Over the coming weeks we are going to show you how to create custom number formats in Excel. In this first blog we will explain the structure of the Excel number formats.
This is important as you can have up to four arguments in an Excel number format and depending on how many of these you use, together with the characters used will determine the visual presentation of your data.
The standard formatting used in Excel is 'General' and this will display numbers as they are entered, with the following rules:
The number of decimal entered will be shown, whether it is 2 or 10 (excluding any zeros at the end).
Negatives will be preceded by a minus sign "-"
Zero (0.00) will be displayed as 0
The results of General formatted numbers is shown below:
The structure of the Excel Number format consists of four sections, separated by semicolons as follows:
POSITIVE; NEGATIVE; ZERO; TEXT
An example format could be:
#,##0; [Red](#,##0); - ; "Not a Number"
This number format would display numbers with:
No decimal places and include the comma as a thousands separator
Displays negative in red and in brackets
Formats 0 (Zero) as a dash (but it has to be exactly zero!)
Display "Not a Number" if text is entered in a cell
A comparison of the"General" and new formatting is shown below and the revised formatting is certainly easier to view..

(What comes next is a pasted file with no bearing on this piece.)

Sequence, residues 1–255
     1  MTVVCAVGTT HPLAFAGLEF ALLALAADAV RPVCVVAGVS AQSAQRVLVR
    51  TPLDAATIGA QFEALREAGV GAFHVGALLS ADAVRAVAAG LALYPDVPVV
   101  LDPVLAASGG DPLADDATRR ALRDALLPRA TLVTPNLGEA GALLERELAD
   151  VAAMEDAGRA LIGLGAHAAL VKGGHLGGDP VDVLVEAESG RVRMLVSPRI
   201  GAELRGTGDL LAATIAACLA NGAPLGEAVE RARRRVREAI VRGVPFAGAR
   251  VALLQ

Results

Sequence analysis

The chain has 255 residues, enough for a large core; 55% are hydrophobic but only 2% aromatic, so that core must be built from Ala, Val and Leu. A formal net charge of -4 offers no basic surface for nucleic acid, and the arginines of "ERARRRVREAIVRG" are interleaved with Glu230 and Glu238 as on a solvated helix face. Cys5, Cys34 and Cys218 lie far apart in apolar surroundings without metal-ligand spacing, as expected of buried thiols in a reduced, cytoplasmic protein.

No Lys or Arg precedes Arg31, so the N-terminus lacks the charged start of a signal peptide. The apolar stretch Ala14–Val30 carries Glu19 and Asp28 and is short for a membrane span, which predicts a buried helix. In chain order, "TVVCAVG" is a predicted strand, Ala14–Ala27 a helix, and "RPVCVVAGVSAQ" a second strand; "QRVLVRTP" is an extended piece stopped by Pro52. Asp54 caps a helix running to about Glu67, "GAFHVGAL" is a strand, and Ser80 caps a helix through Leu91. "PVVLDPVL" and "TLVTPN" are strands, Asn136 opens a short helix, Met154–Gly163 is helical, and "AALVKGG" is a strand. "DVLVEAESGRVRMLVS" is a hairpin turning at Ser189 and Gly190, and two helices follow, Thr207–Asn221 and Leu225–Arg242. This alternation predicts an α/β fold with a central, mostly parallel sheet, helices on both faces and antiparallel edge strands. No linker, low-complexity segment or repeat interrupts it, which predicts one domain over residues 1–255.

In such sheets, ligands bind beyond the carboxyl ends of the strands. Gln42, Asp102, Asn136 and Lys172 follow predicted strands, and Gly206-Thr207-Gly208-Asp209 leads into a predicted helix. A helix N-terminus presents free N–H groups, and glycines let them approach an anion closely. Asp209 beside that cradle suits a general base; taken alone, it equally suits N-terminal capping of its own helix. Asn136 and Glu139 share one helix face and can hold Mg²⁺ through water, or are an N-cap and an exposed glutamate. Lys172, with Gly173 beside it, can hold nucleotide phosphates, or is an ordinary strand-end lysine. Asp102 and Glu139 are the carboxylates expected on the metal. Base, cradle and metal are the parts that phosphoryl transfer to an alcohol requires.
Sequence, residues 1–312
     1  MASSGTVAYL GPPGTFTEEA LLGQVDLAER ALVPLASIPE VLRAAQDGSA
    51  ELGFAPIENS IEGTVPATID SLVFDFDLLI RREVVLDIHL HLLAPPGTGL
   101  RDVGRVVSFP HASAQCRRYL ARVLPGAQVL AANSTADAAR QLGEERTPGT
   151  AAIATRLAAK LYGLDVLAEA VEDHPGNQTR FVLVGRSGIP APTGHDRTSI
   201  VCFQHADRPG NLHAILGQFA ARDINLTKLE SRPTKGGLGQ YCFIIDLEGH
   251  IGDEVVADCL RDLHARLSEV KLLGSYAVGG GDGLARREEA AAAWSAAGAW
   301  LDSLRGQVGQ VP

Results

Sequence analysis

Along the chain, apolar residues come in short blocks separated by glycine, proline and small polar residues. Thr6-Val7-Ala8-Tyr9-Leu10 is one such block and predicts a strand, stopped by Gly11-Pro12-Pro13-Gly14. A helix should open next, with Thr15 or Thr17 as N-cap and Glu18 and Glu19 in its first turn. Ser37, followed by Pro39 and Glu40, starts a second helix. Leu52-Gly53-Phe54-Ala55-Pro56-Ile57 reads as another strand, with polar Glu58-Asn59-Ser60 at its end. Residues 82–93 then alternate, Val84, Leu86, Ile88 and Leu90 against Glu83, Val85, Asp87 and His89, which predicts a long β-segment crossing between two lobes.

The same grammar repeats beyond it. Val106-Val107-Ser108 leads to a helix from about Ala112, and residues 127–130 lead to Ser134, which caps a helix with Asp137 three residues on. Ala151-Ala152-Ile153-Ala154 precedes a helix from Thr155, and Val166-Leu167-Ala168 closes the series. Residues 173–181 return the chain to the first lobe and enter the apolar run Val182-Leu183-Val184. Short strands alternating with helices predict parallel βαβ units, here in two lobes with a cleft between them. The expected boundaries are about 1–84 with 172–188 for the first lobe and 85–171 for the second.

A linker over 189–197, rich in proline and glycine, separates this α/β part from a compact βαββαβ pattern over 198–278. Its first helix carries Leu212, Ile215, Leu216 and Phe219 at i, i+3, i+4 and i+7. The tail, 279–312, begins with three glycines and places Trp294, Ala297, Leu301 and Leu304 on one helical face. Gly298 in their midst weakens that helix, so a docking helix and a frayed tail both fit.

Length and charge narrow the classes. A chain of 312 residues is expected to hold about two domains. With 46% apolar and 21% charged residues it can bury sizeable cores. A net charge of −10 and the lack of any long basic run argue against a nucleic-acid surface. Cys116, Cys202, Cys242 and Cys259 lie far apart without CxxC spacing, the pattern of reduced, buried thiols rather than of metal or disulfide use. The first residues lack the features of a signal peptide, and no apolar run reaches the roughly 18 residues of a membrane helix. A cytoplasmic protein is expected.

However it is strange that 0.0101 is displayed as 0 and -0.0202 as (0), this is because Excel still treats 0.0101 as a positive and applies the positive formatting and -0.0202 as negative and applies the negative formatting (We will address these formatting issues in more detail over the coming weeks)
If a custom format does not include all four sections listed, the following rules are applied:
If only one section is listed, then that format applies to all number types (positive, negative and zeros)
If two sections are listed, then the first section applies to positive numbers and zeros, whilst the second section to negative numbers
If three sections are listed, the first section applies to positive numbers, the second section to negatives and the third to zeros
Finally all 4 sections must be specified for a text format, with the fourth section relating to text formatting.
This is an overview of the structure of Excel Number formatting. In the next blog we will look at some additional number formatting and alignments, specifically looking at the difference between 0, # and ? when formatting numbers.